I haven’t really celebrated my birthday in a long time. Aside from treating my friends to dinner, it was mostly spent at home with the family — or keeping quiet at work so people won’t realize that it’s not an ordinary day for me.
This year was a little different. I did something for the first time: Run a marathon. And it’s not just any marathon. I had to chose Outbreak Manila for my debut run. I figured it would be fun to go be chased after zombies. What was I thinking, right?
On my birthday, I woke up early and headed to my cousin’s house so we could head out to Nuvali together. The closer we got to Sta. Rosa, the more apprehensive I got. Confession: I wasn’t prepared. In the month leeway I had between registration and the actual run I didn’t even try to train myself. Running? Did it only once and I got breathless in less than five minutes. I’ve got an athletic build, but my stamina isn’t the best.
We were in Wave 7 but we arrived an hour early on race day. The air was cold and I was shivering. Maybe it was from excitement, maybe it was from fear. I looked around to check for other unprepared newbies like myself. I felt like I was the only idiot there. Thankfully, I finished the race (even though I was towards the last because I was running with the first few folks of the next wave) with one life. Much thanks to my cousin Miel who gamely stayed by my side even though I knew she could’ve easily ran the entire thing and left me in the dust.
Zombie in the fields
A quick search on the Internet will give you an idea what kind of run Outbreak Manila is. Although it’s the first one held in the country, similar events have been held in other countries. Basically, you run through a 5k course and you come across zombies along the way. The zombies will try to get the three tags around your waist (which signals your life). Lose them, you’re dead (but not a zombie). You can get extra lives along the way by doing certain tasks, but there are a lot of zombies around in that area which puts you at the risk of losing a life as you gain one.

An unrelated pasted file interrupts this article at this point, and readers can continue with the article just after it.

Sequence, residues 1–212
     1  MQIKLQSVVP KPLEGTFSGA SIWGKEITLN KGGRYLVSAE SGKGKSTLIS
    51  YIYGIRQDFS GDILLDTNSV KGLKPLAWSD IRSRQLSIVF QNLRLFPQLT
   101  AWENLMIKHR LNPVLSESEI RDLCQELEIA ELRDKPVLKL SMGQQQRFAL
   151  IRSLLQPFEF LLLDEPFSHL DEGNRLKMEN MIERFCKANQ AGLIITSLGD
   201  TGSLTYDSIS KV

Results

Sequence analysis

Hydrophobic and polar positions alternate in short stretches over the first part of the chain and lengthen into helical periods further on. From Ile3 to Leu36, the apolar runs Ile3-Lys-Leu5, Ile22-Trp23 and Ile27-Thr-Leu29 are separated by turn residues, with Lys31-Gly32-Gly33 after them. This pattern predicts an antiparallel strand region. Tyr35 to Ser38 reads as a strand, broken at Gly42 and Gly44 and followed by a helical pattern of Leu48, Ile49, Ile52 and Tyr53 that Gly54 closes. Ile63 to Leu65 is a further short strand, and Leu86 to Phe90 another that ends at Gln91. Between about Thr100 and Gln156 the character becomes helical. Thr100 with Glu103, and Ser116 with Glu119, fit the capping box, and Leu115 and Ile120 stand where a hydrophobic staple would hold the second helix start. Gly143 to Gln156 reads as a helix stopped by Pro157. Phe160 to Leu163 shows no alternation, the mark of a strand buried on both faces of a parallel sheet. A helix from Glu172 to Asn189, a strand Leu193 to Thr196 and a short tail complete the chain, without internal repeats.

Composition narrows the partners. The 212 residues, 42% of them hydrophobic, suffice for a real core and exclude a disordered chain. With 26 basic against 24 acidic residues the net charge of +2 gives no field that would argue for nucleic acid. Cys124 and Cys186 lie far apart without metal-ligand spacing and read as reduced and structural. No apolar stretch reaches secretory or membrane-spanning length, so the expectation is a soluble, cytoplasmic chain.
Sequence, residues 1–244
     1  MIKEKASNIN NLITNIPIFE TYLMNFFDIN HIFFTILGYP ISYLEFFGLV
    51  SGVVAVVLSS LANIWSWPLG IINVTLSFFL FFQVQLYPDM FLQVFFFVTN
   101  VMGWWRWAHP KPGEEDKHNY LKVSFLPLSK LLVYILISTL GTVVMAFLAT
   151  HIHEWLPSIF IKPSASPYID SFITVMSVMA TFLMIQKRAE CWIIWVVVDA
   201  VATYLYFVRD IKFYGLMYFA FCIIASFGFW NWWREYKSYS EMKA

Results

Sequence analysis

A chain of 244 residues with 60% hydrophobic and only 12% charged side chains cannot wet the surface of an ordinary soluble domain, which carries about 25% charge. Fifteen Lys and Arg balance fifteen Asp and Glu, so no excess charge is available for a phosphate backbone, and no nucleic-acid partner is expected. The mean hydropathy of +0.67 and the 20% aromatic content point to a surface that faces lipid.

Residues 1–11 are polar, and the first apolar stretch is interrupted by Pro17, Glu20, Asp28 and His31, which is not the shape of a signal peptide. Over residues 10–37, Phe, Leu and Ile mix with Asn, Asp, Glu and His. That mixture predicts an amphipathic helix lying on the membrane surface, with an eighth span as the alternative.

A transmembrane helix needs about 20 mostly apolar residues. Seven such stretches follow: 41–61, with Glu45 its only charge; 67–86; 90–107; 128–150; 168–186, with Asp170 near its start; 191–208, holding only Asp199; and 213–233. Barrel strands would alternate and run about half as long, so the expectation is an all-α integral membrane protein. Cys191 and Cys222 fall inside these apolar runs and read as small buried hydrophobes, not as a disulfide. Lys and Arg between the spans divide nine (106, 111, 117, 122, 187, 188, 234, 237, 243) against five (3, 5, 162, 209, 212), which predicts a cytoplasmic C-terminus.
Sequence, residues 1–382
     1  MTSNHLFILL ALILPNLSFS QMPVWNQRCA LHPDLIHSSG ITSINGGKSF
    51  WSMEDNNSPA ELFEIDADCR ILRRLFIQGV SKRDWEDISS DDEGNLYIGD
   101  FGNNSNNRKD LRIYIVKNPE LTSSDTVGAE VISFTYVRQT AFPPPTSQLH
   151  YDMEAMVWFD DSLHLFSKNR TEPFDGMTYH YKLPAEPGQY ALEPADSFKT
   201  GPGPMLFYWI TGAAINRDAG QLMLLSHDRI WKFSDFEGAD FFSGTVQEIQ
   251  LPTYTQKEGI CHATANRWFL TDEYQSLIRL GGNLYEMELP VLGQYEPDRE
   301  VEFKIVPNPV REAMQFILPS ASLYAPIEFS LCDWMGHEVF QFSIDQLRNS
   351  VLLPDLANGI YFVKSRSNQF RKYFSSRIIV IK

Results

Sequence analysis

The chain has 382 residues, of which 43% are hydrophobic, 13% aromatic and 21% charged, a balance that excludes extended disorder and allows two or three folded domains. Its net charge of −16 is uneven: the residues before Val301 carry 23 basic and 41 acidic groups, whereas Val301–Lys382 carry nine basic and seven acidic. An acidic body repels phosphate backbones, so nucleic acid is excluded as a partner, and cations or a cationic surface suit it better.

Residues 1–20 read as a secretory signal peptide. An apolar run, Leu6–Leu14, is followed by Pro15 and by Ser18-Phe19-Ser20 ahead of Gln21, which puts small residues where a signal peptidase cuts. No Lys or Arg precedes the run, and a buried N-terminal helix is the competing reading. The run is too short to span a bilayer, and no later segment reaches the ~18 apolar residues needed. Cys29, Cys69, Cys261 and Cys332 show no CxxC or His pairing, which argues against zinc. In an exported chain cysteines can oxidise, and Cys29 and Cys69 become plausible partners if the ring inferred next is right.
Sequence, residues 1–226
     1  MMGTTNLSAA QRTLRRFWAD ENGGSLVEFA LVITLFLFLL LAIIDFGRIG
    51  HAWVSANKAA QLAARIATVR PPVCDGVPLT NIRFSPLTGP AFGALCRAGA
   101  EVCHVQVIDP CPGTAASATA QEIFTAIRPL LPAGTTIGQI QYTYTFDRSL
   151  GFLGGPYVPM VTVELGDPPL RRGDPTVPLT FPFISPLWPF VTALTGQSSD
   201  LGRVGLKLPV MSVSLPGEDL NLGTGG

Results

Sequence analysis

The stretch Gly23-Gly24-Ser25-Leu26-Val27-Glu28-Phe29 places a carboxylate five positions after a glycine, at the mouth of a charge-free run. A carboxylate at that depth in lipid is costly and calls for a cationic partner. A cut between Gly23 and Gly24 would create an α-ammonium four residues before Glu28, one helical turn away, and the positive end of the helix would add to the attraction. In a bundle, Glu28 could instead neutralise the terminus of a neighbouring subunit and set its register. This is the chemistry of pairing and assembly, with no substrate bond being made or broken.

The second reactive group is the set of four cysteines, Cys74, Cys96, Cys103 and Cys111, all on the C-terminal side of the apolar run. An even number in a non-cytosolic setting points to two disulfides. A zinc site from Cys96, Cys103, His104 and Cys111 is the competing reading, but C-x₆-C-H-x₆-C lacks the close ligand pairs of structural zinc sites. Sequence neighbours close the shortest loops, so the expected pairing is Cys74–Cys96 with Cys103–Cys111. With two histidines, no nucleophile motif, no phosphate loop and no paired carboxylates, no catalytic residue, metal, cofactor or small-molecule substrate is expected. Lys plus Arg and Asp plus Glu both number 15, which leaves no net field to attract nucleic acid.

At the start of the race, everyone was huddled in one big mass. The logic there is the middle part is the safest, as the zombies will most likely attack from the sidelines. However, the first zombies will run right down in the middle of the crowd, breaking it up. Then just as you think you’re safe, they come running after you. At this point, no one has made any strategy yet. We all ran around like chickens avoiding the zombies and keeping our flags intact.
It was hard to remember that you weren’t supposed to touch/hurt/maim the zombies, who were mostly kids in costume. Many of them were really in character, and coming across them in random places would make you stop and think. Screams of terror — along with loud laughter — would break the Nuvali’s silence.
Some of the zombies were nice. One let us pass just because we asked. Another group bartered our lives for some water (hey, they get thirsty too). Some of the zombies just stood there, and only a handful actually would run after you. It was like playing a patingtero, with a freaky factor.
One strategy that my fellow runners and did was to run through the zombies together. Sort of our version of the hoarde. Mind you, we didn’t know each other but it was fun to work together to outwit the zombies and come out with at least one flag. This strategy worked against a group of zombies on a wide space, but at the small, tight paths, good luck.
I thought that I lost all my lives, including the bonus one I got, so I sailed past the zombies declaring “I’m dead! I have no life!” (yes, I know it sounds pathetic haha). Some of the other runners used me as a shield so they could get past and keep their lives. Towards the end, I realized that I still had one life and it was tucked in my shirt. Yay for luck.
I’m happy that I survived with no injuries. No medal either, but hey, I got the shirt. Next year, maybe I’ll join but I’m definitely going to build up my stamina first.